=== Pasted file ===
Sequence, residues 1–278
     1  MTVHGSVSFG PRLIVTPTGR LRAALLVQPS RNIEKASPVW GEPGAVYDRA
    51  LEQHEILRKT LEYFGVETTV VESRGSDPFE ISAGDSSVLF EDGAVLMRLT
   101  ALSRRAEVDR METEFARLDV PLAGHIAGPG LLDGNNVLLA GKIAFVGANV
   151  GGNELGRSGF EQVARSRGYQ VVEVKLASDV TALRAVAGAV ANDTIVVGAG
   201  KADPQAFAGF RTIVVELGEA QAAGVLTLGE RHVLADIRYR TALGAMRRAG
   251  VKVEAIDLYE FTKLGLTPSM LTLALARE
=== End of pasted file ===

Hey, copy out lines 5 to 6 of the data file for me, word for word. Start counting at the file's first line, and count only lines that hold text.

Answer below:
   151  GGNELGRSGF EQVARSRGYQ VVEVKLASDV TALRAVAGAV ANDTIVVGAG
   201  KADPQAFAGF RTIVVELGEA QAAGVLTLGE RHVLADIRYR TALGAMRRAG